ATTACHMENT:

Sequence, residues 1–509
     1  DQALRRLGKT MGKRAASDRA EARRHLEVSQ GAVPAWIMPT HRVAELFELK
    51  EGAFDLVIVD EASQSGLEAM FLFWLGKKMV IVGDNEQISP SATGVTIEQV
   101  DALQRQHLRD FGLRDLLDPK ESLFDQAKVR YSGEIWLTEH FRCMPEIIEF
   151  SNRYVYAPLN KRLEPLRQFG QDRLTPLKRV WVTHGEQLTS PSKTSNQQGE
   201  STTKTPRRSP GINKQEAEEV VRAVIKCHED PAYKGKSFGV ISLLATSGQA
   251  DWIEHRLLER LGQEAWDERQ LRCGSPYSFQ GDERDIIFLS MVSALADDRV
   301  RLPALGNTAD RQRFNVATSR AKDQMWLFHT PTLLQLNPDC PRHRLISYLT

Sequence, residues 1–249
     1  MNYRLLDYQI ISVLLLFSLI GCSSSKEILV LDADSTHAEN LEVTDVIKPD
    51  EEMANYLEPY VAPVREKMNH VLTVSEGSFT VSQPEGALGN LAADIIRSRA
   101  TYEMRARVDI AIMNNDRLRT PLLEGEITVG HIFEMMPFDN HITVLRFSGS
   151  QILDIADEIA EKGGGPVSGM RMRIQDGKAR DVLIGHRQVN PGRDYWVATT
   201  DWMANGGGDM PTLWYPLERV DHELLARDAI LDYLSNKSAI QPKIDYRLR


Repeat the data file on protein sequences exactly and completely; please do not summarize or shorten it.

Sequence, residues 1–509
     1  DQALRRLGKT MGKRAASDRA EARRHLEVSQ GAVPAWIMPT HRVAELFELK
    51  EGAFDLVIVD EASQSGLEAM FLFWLGKKMV IVGDNEQISP SATGVTIEQV
   101  DALQRQHLRD FGLRDLLDPK ESLFDQAKVR YSGEIWLTEH FRCMPEIIEF
   151  SNRYVYAPLN KRLEPLRQFG QDRLTPLKRV WVTHGEQLTS PSKTSNQQGE
   201  STTKTPRRSP GINKQEAEEV VRAVIKCHED PAYKGKSFGV ISLLATSGQA
   251  DWIEHRLLER LGQEAWDERQ LRCGSPYSFQ GDERDIIFLS MVSALADDRV
   301  RLPALGNTAD RQRFNVATSR AKDQMWLFHT PTLLQLNPDC PRHRLISYLT

Sequence, residues 1–249
     1  MNYRLLDYQI ISVLLLFSLI GCSSSKEILV LDADSTHAEN LEVTDVIKPD
    51  EEMANYLEPY VAPVREKMNH VLTVSEGSFT VSQPEGALGN LAADIIRSRA
   101  TYEMRARVDI AIMNNDRLRT PLLEGEITVG HIFEMMPFDN HITVLRFSGS
   151  QILDIADEIA EKGGGPVSGM RMRIQDGKAR DVLIGHRQVN PGRDYWVATT
   201  DWMANGGGDM PTLWYPLERV DHELLARDAI LDYLSNKSAI QPKIDYRLR